With India’s new Prime Minister-elect Narendra Modi moving into office, Indian stocks are surging. Investors can best capture the growth opportunities the new administration is promising through small-cap exchange traded funds.
“There is a huge scope for the economy to improve,” S Naren, CIO, ICICI Prudential AMC, said in an Economic Times article. “So, all the economy-sensitive equity markets — whether it is small cap, midcap, infrastructure or banking — will see huge upsides as the economy picks up over the next three years.”
Naren argued that the current situation in India could mirror the 2004 environment where small-caps and mid-caps could outperform the large-cap markets.
In a recent study, Ambit Capital has also found that the best stock returns come in the first two years following a new regime in India.
“After any election, if the sentiment turns out to be good, the small-and mid-caps tend to outperform large-caps in the near-to-medium term,” R Sreesankar, head (institutional equities), Prabhudas Lilladher, said in a Business Standard article. “We believe that the same pattern will be followed this time, too.”
Modi’s new government is seen as very business friendly. The government could implement important reforms in areas like agriculture, banking and industrials. [May Elections Could Be a Good Turn for India ETFs]
ETF investors interested in targeting the small-capitalization category of India’s market can take a look at a couple of options, including the Market Vectors India Small-Cap Index ETF (SCIF) , EGShares India Small Cap ETF (SCIN) or iShares MSCI India Small-Cap ETF (SMIN) .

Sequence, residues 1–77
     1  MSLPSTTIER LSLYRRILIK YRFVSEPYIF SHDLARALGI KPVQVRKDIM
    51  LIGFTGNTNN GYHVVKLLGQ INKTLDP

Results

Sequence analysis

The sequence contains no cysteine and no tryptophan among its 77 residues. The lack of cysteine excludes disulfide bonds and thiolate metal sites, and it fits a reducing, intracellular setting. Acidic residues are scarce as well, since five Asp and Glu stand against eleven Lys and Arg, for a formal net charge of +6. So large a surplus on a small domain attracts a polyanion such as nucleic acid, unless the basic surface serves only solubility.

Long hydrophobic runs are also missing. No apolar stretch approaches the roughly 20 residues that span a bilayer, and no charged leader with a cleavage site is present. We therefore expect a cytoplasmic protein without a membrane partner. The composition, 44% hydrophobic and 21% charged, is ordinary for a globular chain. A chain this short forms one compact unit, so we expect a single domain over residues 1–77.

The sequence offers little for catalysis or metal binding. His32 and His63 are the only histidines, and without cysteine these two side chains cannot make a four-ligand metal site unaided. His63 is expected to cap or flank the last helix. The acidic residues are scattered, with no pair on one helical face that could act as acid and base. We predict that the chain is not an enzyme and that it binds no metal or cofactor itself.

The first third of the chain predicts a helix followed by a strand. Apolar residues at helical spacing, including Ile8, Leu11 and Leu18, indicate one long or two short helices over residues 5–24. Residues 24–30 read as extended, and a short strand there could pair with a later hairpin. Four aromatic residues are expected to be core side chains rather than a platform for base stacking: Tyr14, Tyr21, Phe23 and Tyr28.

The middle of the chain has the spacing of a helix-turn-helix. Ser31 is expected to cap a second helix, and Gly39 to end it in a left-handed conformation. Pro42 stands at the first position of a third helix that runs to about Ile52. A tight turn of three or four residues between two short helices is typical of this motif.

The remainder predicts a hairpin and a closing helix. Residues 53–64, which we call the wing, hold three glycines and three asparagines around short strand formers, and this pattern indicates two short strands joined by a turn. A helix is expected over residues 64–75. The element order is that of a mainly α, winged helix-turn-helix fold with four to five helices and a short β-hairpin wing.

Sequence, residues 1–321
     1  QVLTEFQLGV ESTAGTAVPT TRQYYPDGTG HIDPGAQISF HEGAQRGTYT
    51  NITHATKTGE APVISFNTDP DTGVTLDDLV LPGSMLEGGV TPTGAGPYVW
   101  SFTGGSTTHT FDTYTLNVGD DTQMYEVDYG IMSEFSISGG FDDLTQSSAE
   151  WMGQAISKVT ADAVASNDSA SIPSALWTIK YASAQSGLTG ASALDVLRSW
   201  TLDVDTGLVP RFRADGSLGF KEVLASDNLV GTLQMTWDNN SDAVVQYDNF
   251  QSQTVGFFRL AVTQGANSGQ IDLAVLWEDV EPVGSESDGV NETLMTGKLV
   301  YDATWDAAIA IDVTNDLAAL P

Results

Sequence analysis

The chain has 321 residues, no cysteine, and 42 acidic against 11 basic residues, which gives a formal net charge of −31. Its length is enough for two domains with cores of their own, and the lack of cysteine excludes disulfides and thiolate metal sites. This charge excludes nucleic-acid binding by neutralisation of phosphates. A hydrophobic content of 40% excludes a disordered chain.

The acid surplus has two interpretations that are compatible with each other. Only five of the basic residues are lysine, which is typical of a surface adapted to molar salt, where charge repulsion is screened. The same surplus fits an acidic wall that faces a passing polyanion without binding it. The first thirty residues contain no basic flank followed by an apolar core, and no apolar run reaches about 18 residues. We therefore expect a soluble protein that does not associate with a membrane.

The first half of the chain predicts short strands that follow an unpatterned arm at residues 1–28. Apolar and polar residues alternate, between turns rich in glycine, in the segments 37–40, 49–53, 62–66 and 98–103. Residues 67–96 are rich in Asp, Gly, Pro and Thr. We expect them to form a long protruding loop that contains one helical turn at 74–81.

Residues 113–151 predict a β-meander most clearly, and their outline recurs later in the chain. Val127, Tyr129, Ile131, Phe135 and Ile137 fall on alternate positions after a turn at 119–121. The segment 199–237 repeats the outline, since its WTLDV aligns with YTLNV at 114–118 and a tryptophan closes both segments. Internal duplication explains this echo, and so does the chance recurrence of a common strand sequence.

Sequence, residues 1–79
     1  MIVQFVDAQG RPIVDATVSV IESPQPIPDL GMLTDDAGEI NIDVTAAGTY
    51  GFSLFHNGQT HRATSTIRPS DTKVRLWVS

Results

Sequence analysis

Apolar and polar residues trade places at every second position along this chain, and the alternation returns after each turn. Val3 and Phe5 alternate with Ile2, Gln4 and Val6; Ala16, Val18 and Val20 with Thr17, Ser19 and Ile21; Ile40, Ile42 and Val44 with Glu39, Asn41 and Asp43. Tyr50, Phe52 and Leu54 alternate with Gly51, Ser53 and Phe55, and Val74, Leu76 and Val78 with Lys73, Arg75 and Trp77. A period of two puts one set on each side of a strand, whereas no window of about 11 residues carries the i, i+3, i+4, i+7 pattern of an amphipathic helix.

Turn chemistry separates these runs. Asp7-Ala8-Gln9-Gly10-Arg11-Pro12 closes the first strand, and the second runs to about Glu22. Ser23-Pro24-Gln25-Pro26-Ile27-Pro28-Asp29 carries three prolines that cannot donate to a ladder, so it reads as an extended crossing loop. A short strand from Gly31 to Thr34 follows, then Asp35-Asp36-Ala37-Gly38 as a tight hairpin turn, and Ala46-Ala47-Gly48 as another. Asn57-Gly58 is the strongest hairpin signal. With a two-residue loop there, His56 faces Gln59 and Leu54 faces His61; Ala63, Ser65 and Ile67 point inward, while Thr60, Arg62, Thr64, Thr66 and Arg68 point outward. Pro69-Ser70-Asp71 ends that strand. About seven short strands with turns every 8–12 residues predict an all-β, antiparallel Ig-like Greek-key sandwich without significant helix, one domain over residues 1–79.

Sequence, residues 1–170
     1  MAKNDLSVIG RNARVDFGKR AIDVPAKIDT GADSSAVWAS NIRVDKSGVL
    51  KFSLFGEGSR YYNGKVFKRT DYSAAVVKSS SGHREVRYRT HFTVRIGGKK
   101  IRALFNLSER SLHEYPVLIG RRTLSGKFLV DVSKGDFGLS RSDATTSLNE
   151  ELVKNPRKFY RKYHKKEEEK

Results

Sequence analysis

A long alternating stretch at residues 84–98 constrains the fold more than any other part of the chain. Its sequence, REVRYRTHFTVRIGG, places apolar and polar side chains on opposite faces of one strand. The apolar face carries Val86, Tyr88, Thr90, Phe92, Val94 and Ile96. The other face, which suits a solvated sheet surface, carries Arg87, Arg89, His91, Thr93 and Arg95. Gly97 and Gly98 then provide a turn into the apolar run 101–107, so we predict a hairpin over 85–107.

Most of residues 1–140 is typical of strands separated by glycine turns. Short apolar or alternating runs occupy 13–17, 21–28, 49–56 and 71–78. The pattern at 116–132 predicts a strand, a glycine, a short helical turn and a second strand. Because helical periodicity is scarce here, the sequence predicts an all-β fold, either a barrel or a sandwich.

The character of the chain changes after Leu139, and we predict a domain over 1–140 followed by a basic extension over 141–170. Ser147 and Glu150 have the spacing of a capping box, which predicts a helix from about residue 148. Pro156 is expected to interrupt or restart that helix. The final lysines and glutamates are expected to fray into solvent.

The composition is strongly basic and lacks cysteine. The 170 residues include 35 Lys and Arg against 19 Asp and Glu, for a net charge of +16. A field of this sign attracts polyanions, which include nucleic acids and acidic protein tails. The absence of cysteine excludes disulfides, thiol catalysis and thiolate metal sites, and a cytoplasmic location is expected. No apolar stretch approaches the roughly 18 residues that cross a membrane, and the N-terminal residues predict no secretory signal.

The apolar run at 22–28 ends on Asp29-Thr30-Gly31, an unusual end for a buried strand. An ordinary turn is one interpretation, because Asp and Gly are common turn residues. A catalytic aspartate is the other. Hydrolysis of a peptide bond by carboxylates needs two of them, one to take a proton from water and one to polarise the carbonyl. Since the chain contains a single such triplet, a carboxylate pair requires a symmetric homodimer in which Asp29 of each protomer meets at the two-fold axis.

SCIF includes a 52.5% weight in mid-caps, 43.8% in small-caps and 3.7% in micro-caps. Top sector allocations include consumer discretionary 23.7%, financials 23.6% and industrials 18.3%. The ETF has a 0.93% expense ratio and is up 31.2% year-to-date.
SCIN leans toward larger companies, with mid-cap names accounting for 76.0% of the portfolio, followed by large-caps 14.8% and small-caps 9.2%. The fund also tilts toward financials stocks at 34.9% of the portfolio, followed by consumer discretionary 17.1% and industrials 13.6%. The ETF has a 0.85% expense ratio and is up 31.2% year-to-date.
SMIN’s allocations does not have as much large names as SCIN but does not include as much smaller names as SCIF, with mid-caps at 74.5% of the iShares ETF’s portfolio, followed by small-caps 19.9% and large-caps 5.5%. The fund has a 0.74% expense ratio and is up 23.8% year-to-date.
For more information on India, visit our India category.
Max Chen contributed to this article.
The opinions and forecasts expressed herein are solely those of Tom Lydon, and may not actually come to pass. Information on this site should not be used or construed as an offer to sell, a solicitation of an offer to buy, or a recommendation for any product.